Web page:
What Is the Difference Between PMO and EPMO

EPMO vs PMO: The Similarities and Differences

A career in project management can be exciting and fulfilling. You get to gather resources, assemble teams, and support them so they can meet deadlines and goals. Along the way, you’ll have opportunities to boost the company’s bottom line, build capacity in workers, and develop your ability to motivate others. This typically happens in a fast-paced environment that lets you flex your problem-solving skills.

Whether you’re looking to enter the field of project management or are ready to expand your career, it helps to explore the similarities and differences between project management structures. This knowledge will be helpful as you consider the type of environment you want to work in and where you can use and develop your skills.

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Project Management Office (PMO)

PMO stands for project management office, and you will occasionally see the acronym used to denote a portfolio management office or program management office. This department develops and oversees the standards and best practices used to organize and provide focus for projects the company takes on.

PMOs also keep track of project timelines and monitor progress to ensure the project team meets deadlines without going over budget. The degree of control a PMO has over projects in its domain can vary. For example, some may provide guidance to promote consistency as to how projects are delivered, while others provide more a robust centralized management role including allocation of financial and other resources to projects.

What does a PMO do?

A PMO oversees projects for an organization. Its work includes organizing the people and procedures needed to complete a project on time and within budget. To do this, the PMO may establish goals, create timelines, train workers, allocate resources, and monitor the progress of team members.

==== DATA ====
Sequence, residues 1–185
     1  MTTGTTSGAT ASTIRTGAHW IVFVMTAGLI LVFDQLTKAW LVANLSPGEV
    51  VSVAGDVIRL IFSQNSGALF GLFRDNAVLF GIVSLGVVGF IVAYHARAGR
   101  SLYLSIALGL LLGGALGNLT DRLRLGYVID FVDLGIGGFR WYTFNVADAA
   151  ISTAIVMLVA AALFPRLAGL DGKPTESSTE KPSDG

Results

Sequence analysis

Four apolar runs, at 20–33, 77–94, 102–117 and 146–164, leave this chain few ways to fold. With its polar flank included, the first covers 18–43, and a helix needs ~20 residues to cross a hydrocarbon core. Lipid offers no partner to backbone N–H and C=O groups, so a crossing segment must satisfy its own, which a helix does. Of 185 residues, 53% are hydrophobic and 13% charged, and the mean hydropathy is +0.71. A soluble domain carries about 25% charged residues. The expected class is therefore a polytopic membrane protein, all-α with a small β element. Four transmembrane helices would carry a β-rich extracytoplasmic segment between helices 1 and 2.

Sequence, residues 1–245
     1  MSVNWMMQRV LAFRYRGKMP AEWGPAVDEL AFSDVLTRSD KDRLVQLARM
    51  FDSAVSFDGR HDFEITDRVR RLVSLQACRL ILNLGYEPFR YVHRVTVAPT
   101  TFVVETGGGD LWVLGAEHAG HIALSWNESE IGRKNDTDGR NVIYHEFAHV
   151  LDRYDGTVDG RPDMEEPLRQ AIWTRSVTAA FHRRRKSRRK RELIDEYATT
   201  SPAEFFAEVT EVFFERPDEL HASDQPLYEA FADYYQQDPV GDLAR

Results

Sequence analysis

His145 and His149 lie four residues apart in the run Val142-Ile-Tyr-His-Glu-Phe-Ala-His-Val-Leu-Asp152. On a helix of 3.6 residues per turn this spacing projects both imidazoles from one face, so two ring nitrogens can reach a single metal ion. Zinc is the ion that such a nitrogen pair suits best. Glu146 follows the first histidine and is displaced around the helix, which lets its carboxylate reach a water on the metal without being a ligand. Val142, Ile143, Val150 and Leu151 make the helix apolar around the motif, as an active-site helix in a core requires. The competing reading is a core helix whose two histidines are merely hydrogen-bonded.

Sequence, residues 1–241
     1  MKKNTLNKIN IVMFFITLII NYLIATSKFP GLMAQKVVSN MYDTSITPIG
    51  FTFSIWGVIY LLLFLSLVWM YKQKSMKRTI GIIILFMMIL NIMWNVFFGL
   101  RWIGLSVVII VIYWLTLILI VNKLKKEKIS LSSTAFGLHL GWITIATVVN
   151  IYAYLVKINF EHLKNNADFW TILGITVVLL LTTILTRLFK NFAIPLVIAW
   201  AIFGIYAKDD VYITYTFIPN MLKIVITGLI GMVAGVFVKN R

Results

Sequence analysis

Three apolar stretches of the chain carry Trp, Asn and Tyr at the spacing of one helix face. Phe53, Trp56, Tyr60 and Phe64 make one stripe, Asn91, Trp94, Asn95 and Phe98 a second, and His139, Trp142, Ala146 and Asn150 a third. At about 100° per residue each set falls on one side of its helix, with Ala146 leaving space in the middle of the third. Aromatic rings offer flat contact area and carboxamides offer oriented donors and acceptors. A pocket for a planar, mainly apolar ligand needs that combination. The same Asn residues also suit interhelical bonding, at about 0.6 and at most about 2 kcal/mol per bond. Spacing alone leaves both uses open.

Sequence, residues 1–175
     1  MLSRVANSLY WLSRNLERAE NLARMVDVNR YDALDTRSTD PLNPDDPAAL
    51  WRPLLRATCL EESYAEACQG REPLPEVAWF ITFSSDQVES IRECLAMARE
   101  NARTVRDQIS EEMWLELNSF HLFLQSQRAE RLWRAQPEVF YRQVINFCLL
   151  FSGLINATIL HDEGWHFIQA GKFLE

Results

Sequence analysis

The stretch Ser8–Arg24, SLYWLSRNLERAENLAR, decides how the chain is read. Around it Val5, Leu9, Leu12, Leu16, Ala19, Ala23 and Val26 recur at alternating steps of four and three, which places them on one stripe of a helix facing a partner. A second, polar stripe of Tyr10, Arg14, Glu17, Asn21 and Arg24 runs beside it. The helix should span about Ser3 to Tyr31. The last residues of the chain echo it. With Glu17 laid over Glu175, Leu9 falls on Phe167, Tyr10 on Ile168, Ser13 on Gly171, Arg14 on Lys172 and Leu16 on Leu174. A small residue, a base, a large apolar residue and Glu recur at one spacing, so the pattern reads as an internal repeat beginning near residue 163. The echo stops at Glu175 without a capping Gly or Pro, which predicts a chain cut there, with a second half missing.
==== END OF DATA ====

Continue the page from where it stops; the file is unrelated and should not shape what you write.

What are the benefits of a PMO?

A PMO gives an organization structure and guidance that helps it meet goals while using its resources to benefit all stakeholders. By providing guidelines and monitoring performance, it gives project team members the support they need to complete their tasks and solve problems they encounter along the way. Here is a closer look at what they offer organizations:

  • Keep the project within the budget. One of the PMO’s roles is ensuring that a project stays within its budget. The procedures it uses to allocate resources and monitor spending can be useful in other departments.
  • Boost productivity to meet deadlines. PMOs work with deadlines. To meet these deadlines, they establish timelines and tasks for the project team to follow. They then partner with the team to monitor progress toward completing the smaller goals to ensure the team meets the bigger deadlines and makes needed adjustments along the way.
  • Create happier customers. Organizations with PMOs tend to have customers with higher levels of satisfaction. Productive teams who meet customer expectations and deadlines send the message to customers that their time is valuable.
  • Better inter-departmental communication. PMOs can liaise between management, teams, and other departments. In doing so, they can improve communication within the organization and demonstrate the effectiveness of project management strategies to boost performance.
  • Reduce errors. When planning a project, the PMO may make predictions about how long it will take to complete and identify potential barriers that can slow down progress. This helps it decide how to allocate resources, create teams, and choose which strategies to implement.

Enterprise PMO (EPMO)

EPMO stands for enterprise project management office. This centralized office interacts with company executives and senior management to help them choose projects based on the availability of resources and corporate goals and vision. In some companies, the EPMO also acts as a PMO. In other organizations, they may assist the PMO by overseeing complex projects.

What does an EPMO do?

An EPMO plays an important role in an organization’s decision-making process. It takes a high-level view of the current and planned projects to ensure everyone involved has what they need to succeed. This can include an analysis of the budget, resources, and productivity to help leaders decide how to allocate resources. It monitors internal and external factors to assist with forecasting and scheduling projects and develops procedures to simplify tasks.